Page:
With the help of the NASA/ESA Hubble Space Telescope, a German-led group of astronomers have observed the intriguing characteristics of an unusual type of object in the asteroid belt between Mars and Jupiter: two asteroids orbiting each other and exhibiting comet-like features, including a bright coma and a long tail. This is the first known binary asteroid also classified as a comet. The research is presented in a paper published in the journal Nature today.
In September 2016, just before the asteroid 288P made its closest approach to the Sun, it was close enough to Earth to allow astronomers a detailed look at it using the NASA/ESA Hubble Space Telescope.
The images of 288P, which is located in the asteroid belt between Mars and Jupiter, revealed that it was actually not a single object, but two asteroids of almost the same mass and size, orbiting each other at a distance of about 100 kilometres. That discovery was in itself an important find; because they orbit each other, the masses of the objects in such systems can be measured.
But the observations also revealed ongoing activity in the binary system. “We detected strong indications of the sublimation of water ice due to the increased solar heating—similar to how the tail of a comet is created,” explains Jessica Agarwal (Max Planck Institute for Solar System Research, Germany), the team leader and main author of the research paper. This makes 288P the first known binary asteroid that is also classified as a main-belt comet.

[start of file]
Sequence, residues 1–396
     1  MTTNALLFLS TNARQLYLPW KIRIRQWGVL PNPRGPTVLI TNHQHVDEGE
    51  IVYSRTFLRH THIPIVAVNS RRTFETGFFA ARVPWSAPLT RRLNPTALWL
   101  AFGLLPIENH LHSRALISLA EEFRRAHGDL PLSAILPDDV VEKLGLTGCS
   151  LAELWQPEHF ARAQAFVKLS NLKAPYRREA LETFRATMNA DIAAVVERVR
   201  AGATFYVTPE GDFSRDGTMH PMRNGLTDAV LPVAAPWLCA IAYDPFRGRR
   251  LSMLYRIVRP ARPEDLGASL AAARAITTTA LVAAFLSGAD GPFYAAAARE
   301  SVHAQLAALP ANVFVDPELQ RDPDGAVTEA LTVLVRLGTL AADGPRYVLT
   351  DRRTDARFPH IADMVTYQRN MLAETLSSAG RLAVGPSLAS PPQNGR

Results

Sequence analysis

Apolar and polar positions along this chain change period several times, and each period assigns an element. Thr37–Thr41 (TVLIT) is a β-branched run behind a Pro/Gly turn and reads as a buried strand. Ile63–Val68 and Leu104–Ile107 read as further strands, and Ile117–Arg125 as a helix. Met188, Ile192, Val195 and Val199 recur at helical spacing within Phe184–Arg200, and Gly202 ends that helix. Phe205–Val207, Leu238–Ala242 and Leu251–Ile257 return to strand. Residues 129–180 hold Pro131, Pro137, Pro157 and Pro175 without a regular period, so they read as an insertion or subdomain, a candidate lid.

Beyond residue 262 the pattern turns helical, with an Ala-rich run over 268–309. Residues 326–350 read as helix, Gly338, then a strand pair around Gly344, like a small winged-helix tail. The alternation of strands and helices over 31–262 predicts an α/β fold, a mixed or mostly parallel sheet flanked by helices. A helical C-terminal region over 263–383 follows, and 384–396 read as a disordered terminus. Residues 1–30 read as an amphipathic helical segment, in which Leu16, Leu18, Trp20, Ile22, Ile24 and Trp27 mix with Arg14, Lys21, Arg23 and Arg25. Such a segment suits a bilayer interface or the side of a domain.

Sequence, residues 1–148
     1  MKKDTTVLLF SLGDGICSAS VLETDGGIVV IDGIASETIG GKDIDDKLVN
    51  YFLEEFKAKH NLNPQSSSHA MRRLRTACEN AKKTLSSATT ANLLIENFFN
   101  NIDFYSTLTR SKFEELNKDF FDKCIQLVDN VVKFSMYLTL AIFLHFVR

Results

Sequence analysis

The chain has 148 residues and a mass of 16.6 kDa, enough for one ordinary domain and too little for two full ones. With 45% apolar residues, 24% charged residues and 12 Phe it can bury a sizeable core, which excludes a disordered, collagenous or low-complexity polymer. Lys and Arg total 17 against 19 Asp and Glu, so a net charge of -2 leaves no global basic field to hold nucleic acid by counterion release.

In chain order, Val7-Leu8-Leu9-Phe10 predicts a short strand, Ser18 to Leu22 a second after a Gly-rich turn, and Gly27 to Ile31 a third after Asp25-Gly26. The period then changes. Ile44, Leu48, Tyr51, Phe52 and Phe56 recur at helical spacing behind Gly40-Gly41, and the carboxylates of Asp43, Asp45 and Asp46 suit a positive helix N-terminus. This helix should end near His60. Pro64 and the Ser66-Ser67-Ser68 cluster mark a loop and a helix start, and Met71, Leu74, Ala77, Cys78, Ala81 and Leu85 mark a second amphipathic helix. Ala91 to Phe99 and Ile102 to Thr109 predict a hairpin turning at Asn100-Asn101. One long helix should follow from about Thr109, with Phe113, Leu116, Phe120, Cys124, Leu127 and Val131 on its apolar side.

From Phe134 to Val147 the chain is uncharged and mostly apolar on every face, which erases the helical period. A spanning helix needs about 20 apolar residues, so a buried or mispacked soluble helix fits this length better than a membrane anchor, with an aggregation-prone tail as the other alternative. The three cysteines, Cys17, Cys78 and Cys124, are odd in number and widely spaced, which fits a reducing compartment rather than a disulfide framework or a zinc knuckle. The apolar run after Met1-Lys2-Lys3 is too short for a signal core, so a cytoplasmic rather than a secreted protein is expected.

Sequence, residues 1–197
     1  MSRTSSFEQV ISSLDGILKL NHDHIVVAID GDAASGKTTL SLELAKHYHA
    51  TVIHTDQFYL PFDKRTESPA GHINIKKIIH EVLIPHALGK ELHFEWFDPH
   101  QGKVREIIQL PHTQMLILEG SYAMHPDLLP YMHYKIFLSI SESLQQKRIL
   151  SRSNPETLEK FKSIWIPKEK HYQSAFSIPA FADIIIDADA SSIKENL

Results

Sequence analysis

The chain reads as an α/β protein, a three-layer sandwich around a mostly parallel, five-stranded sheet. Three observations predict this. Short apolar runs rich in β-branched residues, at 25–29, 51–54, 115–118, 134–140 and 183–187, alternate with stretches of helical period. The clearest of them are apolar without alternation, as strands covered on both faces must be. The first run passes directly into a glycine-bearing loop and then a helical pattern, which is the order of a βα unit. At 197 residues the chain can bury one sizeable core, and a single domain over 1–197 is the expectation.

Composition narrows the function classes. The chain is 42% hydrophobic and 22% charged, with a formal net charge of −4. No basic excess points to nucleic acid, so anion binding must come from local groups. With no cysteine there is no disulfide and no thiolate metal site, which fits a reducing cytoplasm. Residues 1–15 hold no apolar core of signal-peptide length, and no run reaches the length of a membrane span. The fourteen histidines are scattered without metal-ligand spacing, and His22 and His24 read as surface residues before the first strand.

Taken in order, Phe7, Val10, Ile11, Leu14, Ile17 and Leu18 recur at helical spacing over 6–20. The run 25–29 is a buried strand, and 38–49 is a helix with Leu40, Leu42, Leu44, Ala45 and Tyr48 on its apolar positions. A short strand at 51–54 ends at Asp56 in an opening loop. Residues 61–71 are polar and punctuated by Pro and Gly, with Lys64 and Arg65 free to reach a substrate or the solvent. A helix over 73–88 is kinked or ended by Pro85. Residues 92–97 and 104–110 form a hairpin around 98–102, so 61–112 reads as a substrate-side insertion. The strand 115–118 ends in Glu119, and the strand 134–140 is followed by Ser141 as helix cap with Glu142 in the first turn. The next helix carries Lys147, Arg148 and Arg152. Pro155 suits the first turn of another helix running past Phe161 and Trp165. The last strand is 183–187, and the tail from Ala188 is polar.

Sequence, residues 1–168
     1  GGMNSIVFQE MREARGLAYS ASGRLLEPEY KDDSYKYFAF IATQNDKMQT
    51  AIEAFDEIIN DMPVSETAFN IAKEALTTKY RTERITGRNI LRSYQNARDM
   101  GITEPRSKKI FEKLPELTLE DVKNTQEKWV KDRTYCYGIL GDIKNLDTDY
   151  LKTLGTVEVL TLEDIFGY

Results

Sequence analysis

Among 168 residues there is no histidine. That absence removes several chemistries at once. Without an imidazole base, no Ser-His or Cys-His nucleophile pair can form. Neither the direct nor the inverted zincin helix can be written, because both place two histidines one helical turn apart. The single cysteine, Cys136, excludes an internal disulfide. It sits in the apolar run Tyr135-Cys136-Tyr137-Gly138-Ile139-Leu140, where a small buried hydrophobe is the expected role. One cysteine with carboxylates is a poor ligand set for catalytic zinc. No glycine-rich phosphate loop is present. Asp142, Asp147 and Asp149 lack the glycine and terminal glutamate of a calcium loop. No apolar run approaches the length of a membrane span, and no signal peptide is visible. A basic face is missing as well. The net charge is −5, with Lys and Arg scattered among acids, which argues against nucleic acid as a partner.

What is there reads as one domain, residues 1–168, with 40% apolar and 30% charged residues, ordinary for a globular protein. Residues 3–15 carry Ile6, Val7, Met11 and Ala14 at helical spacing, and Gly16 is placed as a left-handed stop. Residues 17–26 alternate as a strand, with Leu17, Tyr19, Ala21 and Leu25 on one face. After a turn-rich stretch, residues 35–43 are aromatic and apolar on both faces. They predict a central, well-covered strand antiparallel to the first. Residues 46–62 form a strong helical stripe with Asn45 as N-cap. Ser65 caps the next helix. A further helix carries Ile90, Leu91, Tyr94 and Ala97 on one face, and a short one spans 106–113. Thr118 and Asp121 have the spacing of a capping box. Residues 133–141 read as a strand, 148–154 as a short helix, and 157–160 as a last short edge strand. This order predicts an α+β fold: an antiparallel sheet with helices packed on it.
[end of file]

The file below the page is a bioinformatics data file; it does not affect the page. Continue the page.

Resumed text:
Understanding the origin and evolution of main-belt comets—comets that orbit amongst the numerous asteroids between Mars and Jupiter—is a crucial element in our understanding of the formation and evolution of the whole Solar System. Among the questions main-belt comets can help to answer is how water came to Earth. Since only a few objects of this type are known, 288P presents itself as an extremely important system for future studies.
The various features of 288P—wide separation of the two components, near-equal component size, high eccentricity and comet-like activity—also make it unique among the few known wide asteroid binaries in the Solar System. The observed activity of 288P also reveals information about its past, notes Agarwal: “Surface ice cannot survive in the asteroid belt for the age of the Solar System but can be protected for billions of years by a refractory dust mantle, only a few metres thick.”
From this, the team concluded that 288P has existed as a binary system for only about 5000 years. Agarwal elaborates on the formation scenario: “The most probable formation scenario of 288P is a breakup due to fast rotation. After that, the two fragments may have been moved further apart by sublimation torques.”
The fact that 288P is so different from all other known binary asteroids raises some questions about whether it is not just a coincidence that it presents such unique properties. As finding 288P included a lot of luck, it is likely to remain the only example of its kind for a long time. “We need more theoretical and observational work, as well as more objects similar to 288P, to find an answer to this question,” concludes Agarwal.